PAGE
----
Funeral Burial Options
Thinking about how youâ€™d like to be buried, or deciding for a loved one, isnâ€™t something most of us want to spend time doing. It is, however, one of the most important decisions you, or someone else, will have to make. There are several factors to consider when choosing how and where to be buried. Letâ€™s examine those factors one at a time so that you fully understand your burial options.
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Choosing a Final Resting Place
Urban cemetery or quiet, rural gravesite? Buried alongside generations of family or next to your spouse, far from your hometown? Just asking those questions can bring a whole host of emotions, canâ€™t it?
Finding a final resting place involves knowing yourself, or the person youâ€™re planning for, quite well. If pre-planning a funeral or your own burial, decide if youâ€™ll follow a family tradition or whether thatâ€™s even important to you. Is there a place that has sentimental meaning for you or your loved ones? How much do you want to spend for a burial plot? What options for burial are available at the places youâ€™re considering? Answering those questions can help you reach a decision.
If youâ€™re planning burial for a loved one, youâ€™ll first need to know if theyâ€™ve already purchased a burial plot. That type of pre-planning information should be kept with life insurance paperwork to help survivors make the right decisions. If no plot has been purchased, factors such as where a spouse or partner is buried, what preferences the deceased had expressed, what types of burial are available and the cost of purchasing a specific burial plot should all be considered.
Choosing a Method of Burial
As we mentioned, the burial options available factor into your decision. Traditional interment involves placing a casket within a grave, often within a concrete vault. If â€œground burialâ€ is made within a cemetery, the grave can be marked with a headstone or marker individually chosen. Cemeteries often allow the purchase of family vaults marking a specific area in which the remains of several family members will be laid to rest.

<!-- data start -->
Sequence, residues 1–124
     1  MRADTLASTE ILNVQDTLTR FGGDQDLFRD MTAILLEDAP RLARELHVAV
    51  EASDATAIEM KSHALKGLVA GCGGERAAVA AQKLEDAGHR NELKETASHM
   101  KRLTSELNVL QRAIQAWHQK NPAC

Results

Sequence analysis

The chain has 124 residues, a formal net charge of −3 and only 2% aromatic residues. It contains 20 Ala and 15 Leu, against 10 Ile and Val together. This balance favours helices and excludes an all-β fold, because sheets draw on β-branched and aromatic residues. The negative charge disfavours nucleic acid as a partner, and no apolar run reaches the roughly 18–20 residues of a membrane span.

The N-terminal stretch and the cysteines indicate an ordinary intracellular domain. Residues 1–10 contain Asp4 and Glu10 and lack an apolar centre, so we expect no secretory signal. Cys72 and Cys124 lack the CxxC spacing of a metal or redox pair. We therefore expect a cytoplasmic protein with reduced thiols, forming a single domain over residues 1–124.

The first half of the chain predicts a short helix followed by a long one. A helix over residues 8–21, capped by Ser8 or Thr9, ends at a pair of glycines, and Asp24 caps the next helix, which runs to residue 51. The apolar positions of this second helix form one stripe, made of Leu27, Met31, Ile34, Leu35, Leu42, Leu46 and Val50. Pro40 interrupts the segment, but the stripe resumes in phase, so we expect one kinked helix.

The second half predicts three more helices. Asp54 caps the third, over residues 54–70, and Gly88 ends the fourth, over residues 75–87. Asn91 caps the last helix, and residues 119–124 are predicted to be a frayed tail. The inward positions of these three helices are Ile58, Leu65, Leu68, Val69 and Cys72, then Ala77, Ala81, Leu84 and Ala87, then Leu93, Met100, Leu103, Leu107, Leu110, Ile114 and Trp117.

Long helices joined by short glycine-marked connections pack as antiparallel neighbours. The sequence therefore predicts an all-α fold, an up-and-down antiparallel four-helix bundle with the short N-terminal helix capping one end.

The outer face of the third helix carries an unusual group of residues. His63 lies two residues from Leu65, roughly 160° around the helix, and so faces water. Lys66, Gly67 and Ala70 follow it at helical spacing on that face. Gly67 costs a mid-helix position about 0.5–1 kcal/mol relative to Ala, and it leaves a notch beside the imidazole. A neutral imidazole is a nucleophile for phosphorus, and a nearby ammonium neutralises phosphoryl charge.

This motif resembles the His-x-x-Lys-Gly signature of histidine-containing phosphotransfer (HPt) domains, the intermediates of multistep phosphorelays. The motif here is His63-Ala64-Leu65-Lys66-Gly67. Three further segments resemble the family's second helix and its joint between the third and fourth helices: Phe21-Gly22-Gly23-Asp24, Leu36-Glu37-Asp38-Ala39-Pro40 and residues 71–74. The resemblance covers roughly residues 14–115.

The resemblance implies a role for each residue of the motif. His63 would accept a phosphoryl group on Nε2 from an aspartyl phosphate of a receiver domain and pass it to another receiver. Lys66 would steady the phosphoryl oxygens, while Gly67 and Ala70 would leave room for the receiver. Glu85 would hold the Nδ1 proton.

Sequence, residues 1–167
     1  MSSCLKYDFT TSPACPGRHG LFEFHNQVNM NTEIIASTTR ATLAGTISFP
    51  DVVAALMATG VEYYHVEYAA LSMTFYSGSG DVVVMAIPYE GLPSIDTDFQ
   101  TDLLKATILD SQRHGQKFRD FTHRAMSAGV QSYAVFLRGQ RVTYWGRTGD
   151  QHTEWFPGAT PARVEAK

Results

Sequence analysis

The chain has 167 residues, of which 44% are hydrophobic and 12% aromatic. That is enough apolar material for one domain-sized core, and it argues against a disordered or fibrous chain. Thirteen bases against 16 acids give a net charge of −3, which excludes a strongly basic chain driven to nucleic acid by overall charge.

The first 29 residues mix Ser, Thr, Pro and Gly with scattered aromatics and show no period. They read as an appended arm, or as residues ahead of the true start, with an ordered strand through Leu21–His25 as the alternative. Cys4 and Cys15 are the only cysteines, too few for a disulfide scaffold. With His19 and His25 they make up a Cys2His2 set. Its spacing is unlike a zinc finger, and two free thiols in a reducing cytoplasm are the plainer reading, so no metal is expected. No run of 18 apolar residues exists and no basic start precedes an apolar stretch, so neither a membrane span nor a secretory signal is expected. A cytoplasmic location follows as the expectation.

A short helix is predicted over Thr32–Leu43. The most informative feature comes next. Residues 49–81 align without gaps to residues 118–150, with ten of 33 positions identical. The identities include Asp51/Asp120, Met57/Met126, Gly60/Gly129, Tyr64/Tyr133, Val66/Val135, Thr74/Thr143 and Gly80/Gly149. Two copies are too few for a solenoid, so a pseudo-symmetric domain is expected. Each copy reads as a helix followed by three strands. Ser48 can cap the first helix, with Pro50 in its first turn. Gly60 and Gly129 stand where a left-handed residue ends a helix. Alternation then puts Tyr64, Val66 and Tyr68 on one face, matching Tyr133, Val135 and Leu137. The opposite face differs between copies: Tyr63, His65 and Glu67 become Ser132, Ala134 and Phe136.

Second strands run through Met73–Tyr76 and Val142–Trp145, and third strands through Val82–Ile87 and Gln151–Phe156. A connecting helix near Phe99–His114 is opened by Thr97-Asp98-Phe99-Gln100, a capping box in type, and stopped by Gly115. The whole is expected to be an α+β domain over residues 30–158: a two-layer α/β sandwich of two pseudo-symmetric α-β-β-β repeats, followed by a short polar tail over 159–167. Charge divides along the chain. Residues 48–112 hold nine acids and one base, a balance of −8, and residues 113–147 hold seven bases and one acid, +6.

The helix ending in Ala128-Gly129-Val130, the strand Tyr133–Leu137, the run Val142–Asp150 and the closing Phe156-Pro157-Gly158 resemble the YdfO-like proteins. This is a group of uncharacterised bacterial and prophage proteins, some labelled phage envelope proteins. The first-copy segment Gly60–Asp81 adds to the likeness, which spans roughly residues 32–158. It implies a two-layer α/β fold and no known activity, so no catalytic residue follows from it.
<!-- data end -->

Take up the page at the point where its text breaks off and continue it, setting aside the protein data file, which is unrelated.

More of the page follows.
A memorial garden, on the other hand, marks the place of burial with some sort of uniform plaque or marker. Memorial gardens are often divided into sections for veterans, children and other special groups.
In some areas, burial within a mausoleum is also available. Mausoleums are above-ground structures built to contain the crypts of several family members or even a large number of people who have chosen this form of burial.
Another possibility to consider is â€œgreen burialâ€ in which no vault is used. This option isnâ€™t available at all cemeteries. By the way, cemeteries with green burial sections may allow only markers made from sustainable sources.
Choosing a Monument or Grave Marker
This leads us to another important burial option. Your choice of headstone or memorial marker may depend upon where the burial will take place. As noted earlier, memorial gardens require graves to be marked with a specific type of plaque or marker. Cemeteries normally allow more flexibility in the type and design of marker used.
A funeral home can direct you to local suppliers of memorial markers. Many of these firms now have websites through which the entire process of selecting monument materials, ordering specific engraving and having the marker delivered to the cemetery can be arranged.
Flat or â€œgrassâ€ markers are common, as well as slant, wedge and custom-shaped monuments. Monument companies usually offer memorial benches that can be placed at the graveside if allowed by the particular cemetery. They can also provide family â€œestate mausoleumsâ€ if you choose mausoleum burial.
Where and how to be buried when the time comes is a decision best made by each individual. Because thatâ€™s not always a possibility, friends or loved ones often make those decisions. No matter which situation youâ€™re facing, use this article as a guide to help you learn what burial options are available in your area.